March 21, 2016 § Leave a comment
We all have them. TVs. They range in size from small in the kitchen to medium in the bedroom to large/X-large in the living or family room. It’s the piece of furniture we cannot live without, but it’s the piece of furniture that can totally dominate the room. What to do?
Hide it. This shuttered cabinet completely engulfs the black box so it exits the visual space when not in use. This idea is perfect for a formal living room that happens to house the media components. It’s an open and shut case. (Available through http://www.ballardesigns.com)
Frame it. Literally. Put a picture frame around the TV screen. (Available through http://www.wayfair.com, but I can imagine this as a DIY project, can’t you?) The idea is that when guests come over, you simply turn on the TV and run a slide show or pause the TV on a pleasing pastoral scene. Black box problem solved.
Make it go away. This cabinet, though not inexpensive, lowers the TV down into an enclosed piece of furniture at the end of the bed or across a crowded room. Nobody will ever know there’s a TV hiding beneath the cabinet surface. Brilliant, but the TV size is limited by the size of the cabinet. (Available through http://www.touchstonehomeproducts.com)
Embrace it. If watching the Super Bowl on an 80″ TV is non-negotiable, then you simply must embrace the huge black box at the end of the room. But never fear. To camouflage it and keep the room from leaning too far visually in that direction, balance the black by adding more of it in the room. For example, opposite the TV, add a black shelving unit (available through http://www.ikea.com). The tall black unit will balance the huge black TV and actually make everything else in the room (the items that are NOT black) stand out. It’s like hiding the TV in plain sight. How cool is that!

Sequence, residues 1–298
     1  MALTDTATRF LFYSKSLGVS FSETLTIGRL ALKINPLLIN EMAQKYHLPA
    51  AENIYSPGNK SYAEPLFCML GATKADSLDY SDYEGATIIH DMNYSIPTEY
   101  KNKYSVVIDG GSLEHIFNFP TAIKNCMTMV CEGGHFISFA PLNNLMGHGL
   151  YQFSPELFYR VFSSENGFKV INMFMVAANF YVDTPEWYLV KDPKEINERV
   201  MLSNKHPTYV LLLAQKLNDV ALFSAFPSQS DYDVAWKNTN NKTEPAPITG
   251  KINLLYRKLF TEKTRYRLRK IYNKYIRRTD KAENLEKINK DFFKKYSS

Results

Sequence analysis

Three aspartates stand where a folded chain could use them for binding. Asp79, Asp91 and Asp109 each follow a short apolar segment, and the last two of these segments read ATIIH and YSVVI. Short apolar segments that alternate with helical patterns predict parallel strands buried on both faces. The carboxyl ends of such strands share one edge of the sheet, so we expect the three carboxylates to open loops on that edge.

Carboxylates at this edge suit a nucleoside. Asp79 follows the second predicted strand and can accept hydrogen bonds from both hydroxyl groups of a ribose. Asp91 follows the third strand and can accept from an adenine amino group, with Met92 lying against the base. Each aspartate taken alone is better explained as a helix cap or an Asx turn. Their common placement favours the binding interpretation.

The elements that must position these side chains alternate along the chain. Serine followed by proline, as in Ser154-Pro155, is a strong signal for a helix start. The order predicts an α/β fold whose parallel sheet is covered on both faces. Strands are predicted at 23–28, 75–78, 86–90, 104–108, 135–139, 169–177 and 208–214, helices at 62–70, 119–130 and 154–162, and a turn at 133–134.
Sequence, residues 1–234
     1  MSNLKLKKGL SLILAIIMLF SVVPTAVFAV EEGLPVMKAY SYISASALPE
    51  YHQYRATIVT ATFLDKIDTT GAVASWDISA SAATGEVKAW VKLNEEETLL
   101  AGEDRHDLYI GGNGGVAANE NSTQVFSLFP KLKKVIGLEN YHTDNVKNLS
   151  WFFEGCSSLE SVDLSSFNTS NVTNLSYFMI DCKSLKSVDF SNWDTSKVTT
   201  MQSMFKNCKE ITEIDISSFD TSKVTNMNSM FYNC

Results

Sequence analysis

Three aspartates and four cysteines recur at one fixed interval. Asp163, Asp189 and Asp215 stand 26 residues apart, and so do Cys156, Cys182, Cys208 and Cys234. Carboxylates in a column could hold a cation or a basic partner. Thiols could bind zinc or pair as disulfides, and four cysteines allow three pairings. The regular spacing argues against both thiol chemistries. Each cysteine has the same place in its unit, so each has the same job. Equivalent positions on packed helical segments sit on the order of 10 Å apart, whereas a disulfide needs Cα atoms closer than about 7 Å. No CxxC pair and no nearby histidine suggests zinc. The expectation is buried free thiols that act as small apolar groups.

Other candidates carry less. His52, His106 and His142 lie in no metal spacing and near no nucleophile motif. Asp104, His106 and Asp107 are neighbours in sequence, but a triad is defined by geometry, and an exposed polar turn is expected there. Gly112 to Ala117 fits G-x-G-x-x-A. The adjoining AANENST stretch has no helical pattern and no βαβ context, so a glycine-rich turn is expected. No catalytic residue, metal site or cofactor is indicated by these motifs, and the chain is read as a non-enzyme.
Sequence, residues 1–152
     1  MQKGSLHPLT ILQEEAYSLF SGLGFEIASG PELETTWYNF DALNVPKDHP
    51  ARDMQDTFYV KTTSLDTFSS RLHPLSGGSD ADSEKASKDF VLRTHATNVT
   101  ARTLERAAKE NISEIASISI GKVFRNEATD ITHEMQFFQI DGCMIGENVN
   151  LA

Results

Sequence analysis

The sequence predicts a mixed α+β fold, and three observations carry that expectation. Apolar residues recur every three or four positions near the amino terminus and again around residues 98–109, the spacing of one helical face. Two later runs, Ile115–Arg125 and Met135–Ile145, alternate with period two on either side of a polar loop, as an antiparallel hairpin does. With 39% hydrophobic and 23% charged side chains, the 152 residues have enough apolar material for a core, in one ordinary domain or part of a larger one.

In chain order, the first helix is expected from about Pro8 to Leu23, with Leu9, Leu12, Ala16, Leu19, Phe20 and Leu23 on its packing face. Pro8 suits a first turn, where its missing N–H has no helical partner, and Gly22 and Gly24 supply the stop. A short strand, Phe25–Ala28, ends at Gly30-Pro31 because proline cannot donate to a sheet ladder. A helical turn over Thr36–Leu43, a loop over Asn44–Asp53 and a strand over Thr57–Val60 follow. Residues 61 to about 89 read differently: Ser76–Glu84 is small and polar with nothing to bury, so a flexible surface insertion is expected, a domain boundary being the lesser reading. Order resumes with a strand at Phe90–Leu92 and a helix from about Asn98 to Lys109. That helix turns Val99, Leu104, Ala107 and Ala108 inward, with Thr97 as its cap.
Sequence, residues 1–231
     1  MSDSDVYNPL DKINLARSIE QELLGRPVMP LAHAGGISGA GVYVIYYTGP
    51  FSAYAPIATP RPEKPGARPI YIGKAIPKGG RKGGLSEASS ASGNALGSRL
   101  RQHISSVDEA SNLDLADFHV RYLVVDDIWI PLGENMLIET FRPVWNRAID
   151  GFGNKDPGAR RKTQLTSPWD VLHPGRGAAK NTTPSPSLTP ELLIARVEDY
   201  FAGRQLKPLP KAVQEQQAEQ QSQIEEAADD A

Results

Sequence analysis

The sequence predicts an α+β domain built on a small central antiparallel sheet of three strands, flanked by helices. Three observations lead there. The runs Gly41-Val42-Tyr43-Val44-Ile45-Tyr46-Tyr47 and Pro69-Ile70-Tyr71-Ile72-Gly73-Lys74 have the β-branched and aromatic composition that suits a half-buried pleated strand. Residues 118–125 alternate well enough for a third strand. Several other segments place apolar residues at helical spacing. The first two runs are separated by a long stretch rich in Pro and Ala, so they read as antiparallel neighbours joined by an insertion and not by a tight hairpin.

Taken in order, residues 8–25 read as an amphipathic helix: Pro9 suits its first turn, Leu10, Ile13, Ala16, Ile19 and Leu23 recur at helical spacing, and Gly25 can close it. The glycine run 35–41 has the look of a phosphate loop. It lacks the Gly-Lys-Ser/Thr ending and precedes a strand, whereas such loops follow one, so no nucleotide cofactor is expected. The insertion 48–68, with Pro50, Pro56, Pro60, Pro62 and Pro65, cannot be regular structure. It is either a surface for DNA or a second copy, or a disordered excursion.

It goes without saying that we rely on our TVs for entertainment: news, sports, movies, binge-watching, kid shows, soap operas, game shows, and concerts. Although some people have chosen a TV-free path, most of us haven’t. And TVs are getting bigger, not smaller. I hope these ideas have given your design muscles a much-needed energy boost. Now go deal with that TV!
October 16, 2015 § Leave a comment
What we wear affects everything: our mood, our self-confidence, our success, and even our home. It makes sense that the colors we enjoy wearing should follow us into the rooms we decorate. And they do. If you take a glance through the clothes racks in your closet, you may see a color trend that pops right out: neutrals like black, white, gray or beige? Brights like reds and purples? Nature colors like greens and blues? What you see in your closet may very well help you pick a color palette that not only looks good in your home but also coordinates with you.
Grays are popular in fashion everywhere now (photo http://www.vince.com). And in the home, gray is still the new Linen White. It provides a neutral backdrop for any accent color and gives young home owners something different from the creams and beiges they grew up with.
One of my favorite grays is Benjamin Moore’s Abalone 2108-60. It has a subtle warmth that looks great with stainless in a kitchen, white trim in the living room, or dark woods in a master bedroom. A touch of silver metal adds the sparkle.
June 22, 2015 § 2 Comments
Drop the sponges, folks. Honestly, without trying to offend anyone or stomp on creativity, I have never seen such awful faux finishes in my life! It’s high time we roll over those ugly paint jobs and simplify our visual lives a bit. And if you plan to sell your house anytime soon, please listen up.
Faux is out. It was hard to perfect from the beginning but as of now, it has been totally overdone. From walls to kitchen cabinets to dressers and dining room ceilings, enough!
What’s in? Paint. Just plain paint. And in some applications, wallpaper. But not too much! No need to match the curtains to the wallpaper to the bed linens. As one who tends to find a good thing and overdo it, I can certainly sympathize. But the next time you have the urge to spend hours dabbing wet sponges on the wall or cabinet door, take a deep breath and stop.